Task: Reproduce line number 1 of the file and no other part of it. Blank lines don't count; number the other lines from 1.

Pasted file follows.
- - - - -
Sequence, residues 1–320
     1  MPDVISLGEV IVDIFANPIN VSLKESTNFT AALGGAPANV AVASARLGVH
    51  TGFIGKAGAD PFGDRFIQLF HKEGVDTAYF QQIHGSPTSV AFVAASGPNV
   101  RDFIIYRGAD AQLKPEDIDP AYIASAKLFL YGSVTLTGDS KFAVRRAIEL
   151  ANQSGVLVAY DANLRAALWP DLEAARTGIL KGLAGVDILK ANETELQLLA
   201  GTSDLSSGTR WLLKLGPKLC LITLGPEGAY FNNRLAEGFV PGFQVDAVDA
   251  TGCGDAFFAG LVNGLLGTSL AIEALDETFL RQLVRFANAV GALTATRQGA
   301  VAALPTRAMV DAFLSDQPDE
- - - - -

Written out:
Sequence, residues 1–320